Keeping fit and pursuing hobbies is so important in retirement. When you don’t have work taking up all of your time, it’s important to keep the mind and body active in other ways. You’ve dedicated many years of your life to the daily grind, now is the time to focus on you! Having some fun sporting hobbies is a great way to go about this, and there are some that are especially suitable for those a little later in life. That’s not to say younger folk can’t enjoy these sports too, but since they’re low impact there’s less chance of injury, and they’re less demanding on the body than activities like running. Here are some relaxing sports and activities to enjoy in your retirement.
While fishing itself isn’t likely to get your heart rate up, going fishing is likely to mean travel, walking and generally getting outdoors which is great for body and mind. It encourages peace and relaxation, bestows patience and has even been shown to boost the immune system. If you’re new to the sport, you could consider buying a fishing backpack, this will contain everything you need to get started. Plus it gives you an easy way to store and move your fishing equipment around which is useful if you will be hiking to the spot where you will be fishing.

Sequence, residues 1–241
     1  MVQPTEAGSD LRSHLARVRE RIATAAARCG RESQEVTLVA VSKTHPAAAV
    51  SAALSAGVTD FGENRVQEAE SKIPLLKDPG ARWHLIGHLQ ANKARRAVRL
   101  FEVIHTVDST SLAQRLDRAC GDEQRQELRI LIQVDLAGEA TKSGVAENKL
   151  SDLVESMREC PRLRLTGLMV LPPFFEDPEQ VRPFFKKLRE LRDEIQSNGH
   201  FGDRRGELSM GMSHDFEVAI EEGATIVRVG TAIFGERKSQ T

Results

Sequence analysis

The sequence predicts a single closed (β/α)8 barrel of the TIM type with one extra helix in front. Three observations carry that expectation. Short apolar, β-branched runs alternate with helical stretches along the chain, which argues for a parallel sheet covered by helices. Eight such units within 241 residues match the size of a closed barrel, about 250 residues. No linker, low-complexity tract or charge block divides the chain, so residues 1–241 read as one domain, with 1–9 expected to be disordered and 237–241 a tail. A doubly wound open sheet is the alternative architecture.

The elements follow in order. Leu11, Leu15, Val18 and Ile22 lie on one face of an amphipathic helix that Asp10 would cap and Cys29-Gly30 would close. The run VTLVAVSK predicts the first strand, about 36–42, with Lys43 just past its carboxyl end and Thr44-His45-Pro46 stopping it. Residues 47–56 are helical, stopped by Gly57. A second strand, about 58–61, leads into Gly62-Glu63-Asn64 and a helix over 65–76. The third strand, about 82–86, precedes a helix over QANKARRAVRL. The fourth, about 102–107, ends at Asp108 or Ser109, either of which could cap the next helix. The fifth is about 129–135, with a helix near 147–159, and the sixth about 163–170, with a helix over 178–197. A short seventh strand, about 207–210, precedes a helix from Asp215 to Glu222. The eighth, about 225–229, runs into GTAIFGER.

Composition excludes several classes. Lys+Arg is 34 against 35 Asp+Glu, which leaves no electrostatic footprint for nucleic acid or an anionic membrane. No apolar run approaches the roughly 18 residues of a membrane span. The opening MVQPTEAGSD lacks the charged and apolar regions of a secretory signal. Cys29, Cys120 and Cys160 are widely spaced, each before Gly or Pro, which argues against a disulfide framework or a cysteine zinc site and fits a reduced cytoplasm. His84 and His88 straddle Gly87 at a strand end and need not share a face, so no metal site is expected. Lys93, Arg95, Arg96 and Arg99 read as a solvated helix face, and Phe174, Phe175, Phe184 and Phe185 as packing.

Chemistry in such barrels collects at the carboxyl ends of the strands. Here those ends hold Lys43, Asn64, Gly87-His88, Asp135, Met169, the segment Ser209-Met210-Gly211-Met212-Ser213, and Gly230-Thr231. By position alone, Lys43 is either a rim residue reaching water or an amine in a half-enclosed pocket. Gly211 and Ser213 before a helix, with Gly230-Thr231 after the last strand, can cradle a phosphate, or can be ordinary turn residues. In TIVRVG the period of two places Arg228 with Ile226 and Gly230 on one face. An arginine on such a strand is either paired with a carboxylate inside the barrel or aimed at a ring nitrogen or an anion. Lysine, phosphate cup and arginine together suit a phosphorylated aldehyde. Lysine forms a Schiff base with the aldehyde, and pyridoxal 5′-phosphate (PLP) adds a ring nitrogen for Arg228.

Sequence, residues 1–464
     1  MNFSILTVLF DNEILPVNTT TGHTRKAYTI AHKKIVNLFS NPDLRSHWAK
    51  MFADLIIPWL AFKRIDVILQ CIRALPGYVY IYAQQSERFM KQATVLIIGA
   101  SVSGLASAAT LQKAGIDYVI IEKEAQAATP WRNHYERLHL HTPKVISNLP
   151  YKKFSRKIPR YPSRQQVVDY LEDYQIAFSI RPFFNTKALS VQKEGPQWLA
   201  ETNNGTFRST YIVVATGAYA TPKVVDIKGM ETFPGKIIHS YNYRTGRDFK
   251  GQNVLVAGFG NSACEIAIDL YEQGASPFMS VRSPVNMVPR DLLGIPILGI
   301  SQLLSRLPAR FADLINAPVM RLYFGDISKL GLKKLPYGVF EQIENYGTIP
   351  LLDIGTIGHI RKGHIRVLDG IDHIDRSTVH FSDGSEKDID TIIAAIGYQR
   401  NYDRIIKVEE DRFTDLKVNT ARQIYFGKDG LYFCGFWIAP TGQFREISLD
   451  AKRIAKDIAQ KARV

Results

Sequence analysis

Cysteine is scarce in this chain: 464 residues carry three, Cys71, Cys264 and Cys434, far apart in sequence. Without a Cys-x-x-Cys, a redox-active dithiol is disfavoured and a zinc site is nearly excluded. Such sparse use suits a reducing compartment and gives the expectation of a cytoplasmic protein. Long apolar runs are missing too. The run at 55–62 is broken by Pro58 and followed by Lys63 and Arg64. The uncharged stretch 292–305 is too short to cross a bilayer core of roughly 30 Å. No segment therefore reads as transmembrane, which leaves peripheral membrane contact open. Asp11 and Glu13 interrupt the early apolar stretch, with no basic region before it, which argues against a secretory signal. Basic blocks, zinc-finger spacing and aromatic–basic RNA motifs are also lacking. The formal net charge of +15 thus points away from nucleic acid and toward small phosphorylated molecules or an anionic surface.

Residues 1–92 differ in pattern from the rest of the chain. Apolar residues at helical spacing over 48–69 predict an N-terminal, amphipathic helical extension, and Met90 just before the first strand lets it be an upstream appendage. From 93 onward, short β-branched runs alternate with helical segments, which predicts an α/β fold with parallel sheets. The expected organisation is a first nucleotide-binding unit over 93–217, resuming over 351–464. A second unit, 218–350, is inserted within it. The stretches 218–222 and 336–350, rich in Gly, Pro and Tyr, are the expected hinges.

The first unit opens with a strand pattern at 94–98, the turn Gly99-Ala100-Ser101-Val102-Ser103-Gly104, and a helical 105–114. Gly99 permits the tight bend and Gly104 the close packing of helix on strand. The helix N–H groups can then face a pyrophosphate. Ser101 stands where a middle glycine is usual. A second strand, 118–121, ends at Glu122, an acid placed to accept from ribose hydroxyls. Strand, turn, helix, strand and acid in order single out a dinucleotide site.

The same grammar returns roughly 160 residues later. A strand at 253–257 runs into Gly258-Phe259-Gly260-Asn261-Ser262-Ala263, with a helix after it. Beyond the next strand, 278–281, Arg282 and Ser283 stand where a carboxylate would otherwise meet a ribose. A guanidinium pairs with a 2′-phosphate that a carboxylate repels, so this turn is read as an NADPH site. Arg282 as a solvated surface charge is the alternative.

Your golf swing will use the muscles of your legs, arms and back- plus there’s a lot of walking with the sport so great for staying active. Golf is a great social sport and something you can get together and enjoy as a group, whether it’s for a full game or just at the driving range.
Swimming is a particularly good exercise since it uses just about every muscle in the body. It burns a lot of calories and is good for both muscle strength and the cardiovascular system. Best of all, it’s ideal for those with joint or muscle issues since the water supports your weight. If you have back or knee issues for example you might struggle with many other types of exercise whereas swimming would still be possible.
The slow, controlled movements of tai chi won’t get your heart rate up, but the exercise can improve your balance, strength and flexibility. This ancient Chinese art has been shown to promote both mental and physical wellbeing. If you’re into mindfulness, meditation, yoga and these kinds of practices, then tai chi is one you are likely to enjoy. You don’t need any special equipment, either join a class or follow along to a video online.
When you think of hiking, you probably think strenuous walks up mountains and navigating your way over rocky terrain. But hiking can be as easy or difficult as you make it. If you look at hiking routes local to you many will state that they are easy so you can get out and active without pushing yourself too much. Get yourself a sturdy pair of walking shoes, and if you have a dog, you could bring them along. Walking is great for the cardiovascular system and weight maintenance, plus it strengthens the muscles in the body without being too strenuous.